Mobility is Lean Back – Lean Forward – Lean Free
Mobility is radically different from the stationary “desktop” experience.
Mobility is a “lean back” experience like sitting on a commuter train watching a video.
In other cases it can be “lean forward” — like shopping for a gift while you take your lunch break at the park.
And in many cases, it’s “lean free” when your body is in motion, or you’re standing in line scanning news headlines or photos from friends while you wait for your turn to be called.
The difference between mobility and mobile is like the difference between hardware and software.
Mobile is linked to devices — it is always one thing, wherever it is.
But mobility changes with context: cultures incorporate mobile technologies differently.
For example, in Africa, SMS technology helps farmers pay bills electronically. In America, it helps teenagers keep up with their friends.
Mobile itself is the nuts, bolts, and infrastructure, while mobility
is the context which determines if it all works together or doesn’t.
going mobile is not the same thing as having an app. In fact, avoid the temptation to “app everything.”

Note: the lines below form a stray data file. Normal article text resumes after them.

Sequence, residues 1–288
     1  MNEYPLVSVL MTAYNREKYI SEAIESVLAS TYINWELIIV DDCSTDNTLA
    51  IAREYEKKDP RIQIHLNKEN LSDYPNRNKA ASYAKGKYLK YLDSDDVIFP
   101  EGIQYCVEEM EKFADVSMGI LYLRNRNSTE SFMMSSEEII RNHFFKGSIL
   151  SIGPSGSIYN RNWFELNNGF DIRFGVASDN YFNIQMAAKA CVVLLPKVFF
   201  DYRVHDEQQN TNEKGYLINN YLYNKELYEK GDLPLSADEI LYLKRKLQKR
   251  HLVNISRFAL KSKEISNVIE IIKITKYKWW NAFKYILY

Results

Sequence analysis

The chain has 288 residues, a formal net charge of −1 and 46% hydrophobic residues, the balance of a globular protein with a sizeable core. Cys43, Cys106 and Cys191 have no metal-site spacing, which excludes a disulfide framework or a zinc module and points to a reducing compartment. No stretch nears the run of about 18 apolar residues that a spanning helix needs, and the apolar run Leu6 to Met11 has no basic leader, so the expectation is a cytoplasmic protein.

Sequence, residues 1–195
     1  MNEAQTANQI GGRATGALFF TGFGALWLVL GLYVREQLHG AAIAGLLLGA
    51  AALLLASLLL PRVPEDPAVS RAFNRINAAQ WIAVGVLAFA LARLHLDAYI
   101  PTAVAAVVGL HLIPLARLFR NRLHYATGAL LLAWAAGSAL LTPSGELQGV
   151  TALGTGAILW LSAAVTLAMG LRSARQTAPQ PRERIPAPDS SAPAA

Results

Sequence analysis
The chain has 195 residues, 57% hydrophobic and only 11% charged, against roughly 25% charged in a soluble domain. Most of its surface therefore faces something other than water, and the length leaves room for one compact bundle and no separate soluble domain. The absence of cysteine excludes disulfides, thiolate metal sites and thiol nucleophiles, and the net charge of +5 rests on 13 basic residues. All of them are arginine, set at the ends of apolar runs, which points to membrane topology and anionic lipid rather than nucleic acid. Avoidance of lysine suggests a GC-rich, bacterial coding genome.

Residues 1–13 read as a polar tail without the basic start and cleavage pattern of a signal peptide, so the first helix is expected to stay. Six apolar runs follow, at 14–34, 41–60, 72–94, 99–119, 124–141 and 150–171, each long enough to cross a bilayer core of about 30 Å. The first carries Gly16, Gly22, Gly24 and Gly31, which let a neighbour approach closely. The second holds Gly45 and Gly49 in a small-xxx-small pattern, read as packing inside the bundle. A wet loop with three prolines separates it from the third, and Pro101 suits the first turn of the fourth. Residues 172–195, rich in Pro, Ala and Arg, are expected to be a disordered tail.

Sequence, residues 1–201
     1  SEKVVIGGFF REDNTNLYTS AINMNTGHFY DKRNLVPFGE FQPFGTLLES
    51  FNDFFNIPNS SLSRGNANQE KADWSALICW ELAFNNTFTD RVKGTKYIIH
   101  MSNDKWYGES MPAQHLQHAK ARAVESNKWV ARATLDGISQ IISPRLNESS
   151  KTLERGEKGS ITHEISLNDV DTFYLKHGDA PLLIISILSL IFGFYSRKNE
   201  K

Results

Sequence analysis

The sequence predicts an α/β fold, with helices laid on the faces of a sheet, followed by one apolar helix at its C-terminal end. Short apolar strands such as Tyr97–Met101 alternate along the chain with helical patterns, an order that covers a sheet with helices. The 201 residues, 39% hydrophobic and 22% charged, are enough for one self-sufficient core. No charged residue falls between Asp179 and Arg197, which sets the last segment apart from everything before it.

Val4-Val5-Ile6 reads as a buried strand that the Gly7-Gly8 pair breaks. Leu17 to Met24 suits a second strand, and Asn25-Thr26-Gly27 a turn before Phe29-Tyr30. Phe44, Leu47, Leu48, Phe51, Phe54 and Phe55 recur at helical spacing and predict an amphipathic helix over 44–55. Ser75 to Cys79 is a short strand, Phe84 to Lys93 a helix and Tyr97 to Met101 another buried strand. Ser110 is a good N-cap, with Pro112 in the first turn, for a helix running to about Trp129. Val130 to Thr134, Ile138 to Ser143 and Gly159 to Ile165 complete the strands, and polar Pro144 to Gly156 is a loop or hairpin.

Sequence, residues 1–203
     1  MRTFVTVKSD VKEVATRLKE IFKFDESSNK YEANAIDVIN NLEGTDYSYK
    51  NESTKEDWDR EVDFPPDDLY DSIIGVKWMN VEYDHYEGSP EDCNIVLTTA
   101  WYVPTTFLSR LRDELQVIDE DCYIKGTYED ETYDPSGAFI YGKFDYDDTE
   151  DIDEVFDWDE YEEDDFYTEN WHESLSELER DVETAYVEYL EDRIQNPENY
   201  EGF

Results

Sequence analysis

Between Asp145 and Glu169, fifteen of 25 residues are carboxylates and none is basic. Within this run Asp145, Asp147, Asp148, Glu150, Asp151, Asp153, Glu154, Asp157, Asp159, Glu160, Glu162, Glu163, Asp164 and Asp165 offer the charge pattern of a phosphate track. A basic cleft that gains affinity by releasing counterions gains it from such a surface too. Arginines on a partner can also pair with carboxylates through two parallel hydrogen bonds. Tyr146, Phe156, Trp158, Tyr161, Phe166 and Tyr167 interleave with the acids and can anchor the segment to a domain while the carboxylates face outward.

A lot of content — whether video or text-based — can easily be optimized for mobile consumption.
don’t put mobile tactics in front of strategy.
In the early days of the web, every site seemed to have an animated GIF or a clunky site-counter.
In the early days of social, companies spent millions on costly Facebook apps with cute gimmicks but no real utility or sharing value.
Today, companies are scrambling to come up with something “mobile” whether or not it makes sense for their long-term business goals, and whether or not users will actually want it.
So what should we do?
Before doubling down on mobile, any business should first ask themselves if they really understand mobility as a behavior and lifestyle, followed by tough questions about the role mobile plays in their business. From there, a strategy for mobile, built on an understanding of mobility, can take root.